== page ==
When the NFL players went on strike in 1982, Marvin Powell was one of its strongest critics, going as far as to say the union was being “anti-competitive” by proposing a wage-scale systemfor the players. By the end of his career, however, the Pro Bowl offensive lineman for the New York Jets and Tampa Bay Buccaneers went from being one of the NFLPA’s biggest critics to
one of its greatest supporters.
At a time when being a player rep was almost seen as a scarlet letter, Powell accepted that role with the New York Jets in 1982. When free agency became the union's primary goal in the mid-1980s, he became NFLPA President and led the players through the 1987 strike, attending negotiation sessions on a frequent basis.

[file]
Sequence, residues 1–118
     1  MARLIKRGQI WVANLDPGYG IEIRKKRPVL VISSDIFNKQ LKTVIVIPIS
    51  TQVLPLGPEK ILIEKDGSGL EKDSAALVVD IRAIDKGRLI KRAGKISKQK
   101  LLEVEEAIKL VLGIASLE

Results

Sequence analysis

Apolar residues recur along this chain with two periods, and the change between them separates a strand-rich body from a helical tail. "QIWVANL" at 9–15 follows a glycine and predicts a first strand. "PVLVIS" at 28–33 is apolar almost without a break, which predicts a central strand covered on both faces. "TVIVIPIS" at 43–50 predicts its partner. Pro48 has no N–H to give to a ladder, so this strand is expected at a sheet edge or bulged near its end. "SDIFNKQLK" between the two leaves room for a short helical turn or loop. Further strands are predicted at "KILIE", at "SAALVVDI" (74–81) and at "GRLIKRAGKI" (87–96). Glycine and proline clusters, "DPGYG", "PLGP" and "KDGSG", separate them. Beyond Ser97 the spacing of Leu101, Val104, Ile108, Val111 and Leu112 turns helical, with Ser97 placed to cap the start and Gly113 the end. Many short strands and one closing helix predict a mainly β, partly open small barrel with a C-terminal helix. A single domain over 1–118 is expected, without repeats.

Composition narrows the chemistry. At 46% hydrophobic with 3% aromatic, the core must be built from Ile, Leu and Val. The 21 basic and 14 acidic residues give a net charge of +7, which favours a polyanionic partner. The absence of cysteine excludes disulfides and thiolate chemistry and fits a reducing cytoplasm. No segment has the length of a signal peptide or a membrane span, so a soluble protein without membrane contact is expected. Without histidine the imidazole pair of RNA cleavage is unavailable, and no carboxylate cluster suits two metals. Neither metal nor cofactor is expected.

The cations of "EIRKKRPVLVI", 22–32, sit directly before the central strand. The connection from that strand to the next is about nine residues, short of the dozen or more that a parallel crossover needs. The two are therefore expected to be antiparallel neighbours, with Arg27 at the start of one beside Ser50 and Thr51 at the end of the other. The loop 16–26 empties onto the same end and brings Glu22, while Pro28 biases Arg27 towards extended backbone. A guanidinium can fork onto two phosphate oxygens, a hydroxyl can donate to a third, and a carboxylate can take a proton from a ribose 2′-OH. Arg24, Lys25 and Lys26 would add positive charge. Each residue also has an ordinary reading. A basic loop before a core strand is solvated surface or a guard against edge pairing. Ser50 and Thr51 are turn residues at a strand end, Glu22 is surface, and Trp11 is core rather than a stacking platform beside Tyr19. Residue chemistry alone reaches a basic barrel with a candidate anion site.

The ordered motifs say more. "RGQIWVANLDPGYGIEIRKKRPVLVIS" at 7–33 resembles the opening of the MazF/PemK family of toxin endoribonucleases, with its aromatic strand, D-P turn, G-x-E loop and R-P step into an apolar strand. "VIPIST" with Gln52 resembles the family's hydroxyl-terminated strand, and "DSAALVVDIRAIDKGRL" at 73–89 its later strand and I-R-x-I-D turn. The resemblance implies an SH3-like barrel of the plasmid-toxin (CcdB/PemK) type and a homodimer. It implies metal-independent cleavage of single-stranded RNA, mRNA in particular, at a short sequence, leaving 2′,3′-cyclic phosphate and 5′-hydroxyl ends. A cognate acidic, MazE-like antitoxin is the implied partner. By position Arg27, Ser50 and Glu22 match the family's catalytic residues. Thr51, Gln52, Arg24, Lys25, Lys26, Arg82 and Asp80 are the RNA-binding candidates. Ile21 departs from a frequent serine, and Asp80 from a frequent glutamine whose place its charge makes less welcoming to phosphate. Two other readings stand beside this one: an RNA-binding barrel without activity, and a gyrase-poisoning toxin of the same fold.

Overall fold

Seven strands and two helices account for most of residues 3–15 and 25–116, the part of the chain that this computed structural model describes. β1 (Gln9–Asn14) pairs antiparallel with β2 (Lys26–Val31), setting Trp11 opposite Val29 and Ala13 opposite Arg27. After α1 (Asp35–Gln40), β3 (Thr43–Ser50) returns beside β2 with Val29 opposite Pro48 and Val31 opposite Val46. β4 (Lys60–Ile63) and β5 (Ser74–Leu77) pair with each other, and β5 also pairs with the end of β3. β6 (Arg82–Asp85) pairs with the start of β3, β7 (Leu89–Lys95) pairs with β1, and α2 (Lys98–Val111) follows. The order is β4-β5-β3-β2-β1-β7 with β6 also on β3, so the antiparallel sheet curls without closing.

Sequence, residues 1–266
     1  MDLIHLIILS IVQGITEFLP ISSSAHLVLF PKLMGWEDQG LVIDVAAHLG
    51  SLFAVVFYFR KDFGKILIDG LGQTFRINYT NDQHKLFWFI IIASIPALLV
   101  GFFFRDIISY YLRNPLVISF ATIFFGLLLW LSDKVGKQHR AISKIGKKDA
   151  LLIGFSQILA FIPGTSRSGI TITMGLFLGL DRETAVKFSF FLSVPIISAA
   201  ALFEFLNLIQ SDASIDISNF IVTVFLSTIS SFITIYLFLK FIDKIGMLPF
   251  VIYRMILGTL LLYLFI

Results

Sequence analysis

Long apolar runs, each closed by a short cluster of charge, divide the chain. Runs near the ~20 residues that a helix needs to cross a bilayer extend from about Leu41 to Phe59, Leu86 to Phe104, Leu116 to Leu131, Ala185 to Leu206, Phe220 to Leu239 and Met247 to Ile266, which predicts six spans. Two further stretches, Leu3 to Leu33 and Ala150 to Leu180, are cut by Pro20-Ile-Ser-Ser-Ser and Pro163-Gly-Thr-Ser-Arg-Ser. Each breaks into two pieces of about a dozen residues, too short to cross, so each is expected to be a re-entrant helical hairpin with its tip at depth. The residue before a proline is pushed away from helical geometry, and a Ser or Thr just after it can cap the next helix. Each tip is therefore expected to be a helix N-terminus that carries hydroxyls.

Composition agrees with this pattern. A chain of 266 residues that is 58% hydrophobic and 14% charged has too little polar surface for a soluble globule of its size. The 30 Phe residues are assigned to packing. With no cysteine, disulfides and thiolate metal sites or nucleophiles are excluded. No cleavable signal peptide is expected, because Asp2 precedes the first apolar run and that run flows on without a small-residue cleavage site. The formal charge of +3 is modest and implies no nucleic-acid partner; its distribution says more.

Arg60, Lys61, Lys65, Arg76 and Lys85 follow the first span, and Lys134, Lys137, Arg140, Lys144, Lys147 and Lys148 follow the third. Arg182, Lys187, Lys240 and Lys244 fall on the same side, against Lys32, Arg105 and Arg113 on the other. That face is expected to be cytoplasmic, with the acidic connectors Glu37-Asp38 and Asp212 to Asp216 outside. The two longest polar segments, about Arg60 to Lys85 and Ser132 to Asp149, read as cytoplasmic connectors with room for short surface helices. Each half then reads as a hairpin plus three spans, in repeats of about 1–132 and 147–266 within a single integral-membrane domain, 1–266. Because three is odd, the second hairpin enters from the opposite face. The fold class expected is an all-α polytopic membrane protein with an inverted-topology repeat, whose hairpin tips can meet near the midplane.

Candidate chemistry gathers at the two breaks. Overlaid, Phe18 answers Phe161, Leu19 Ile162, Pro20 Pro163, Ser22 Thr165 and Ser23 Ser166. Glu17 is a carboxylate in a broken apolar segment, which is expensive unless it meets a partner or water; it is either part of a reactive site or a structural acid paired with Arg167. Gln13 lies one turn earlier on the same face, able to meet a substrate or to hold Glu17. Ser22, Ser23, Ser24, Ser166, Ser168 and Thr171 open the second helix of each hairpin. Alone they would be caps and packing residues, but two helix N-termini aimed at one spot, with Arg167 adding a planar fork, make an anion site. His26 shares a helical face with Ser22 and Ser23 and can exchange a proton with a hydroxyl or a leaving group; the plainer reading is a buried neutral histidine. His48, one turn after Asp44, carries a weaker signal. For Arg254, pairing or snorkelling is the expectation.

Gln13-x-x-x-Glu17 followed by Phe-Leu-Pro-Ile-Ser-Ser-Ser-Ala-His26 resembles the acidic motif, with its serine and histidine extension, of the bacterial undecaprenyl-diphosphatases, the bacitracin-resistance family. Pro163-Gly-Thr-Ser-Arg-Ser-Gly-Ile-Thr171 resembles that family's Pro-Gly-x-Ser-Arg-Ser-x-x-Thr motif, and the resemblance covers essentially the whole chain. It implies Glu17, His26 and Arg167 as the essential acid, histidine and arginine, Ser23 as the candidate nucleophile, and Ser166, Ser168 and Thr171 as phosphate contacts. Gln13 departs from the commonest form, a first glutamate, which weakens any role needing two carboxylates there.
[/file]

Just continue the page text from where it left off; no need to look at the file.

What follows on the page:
When the work stoppage ended, Powell, who was also obtaining his degree at New York LawSchool, became lead plaintiff in the antitrust suit filed in the NFLPA against the league, challenging the owners' continuation of the first refusal/compensation system, which essentially prohibited free-agent movement in the league.
Powell endured this fight despite being waived, recalled and eventually traded by the Jets in 1986 – a move commonly made by owners against NFLPA officers. Though the Powell case was ultimately lost in the appeals court in 1989, it provided a legal guide for the NFLPA to renounce its union status. The move to decertify, along with favorable rulings in the Freeman McNeil and Reggie White cases, led to the landmark establishment of NFL free agency in 1993– thanks in large part to Powell’s sacrificial work and commitment.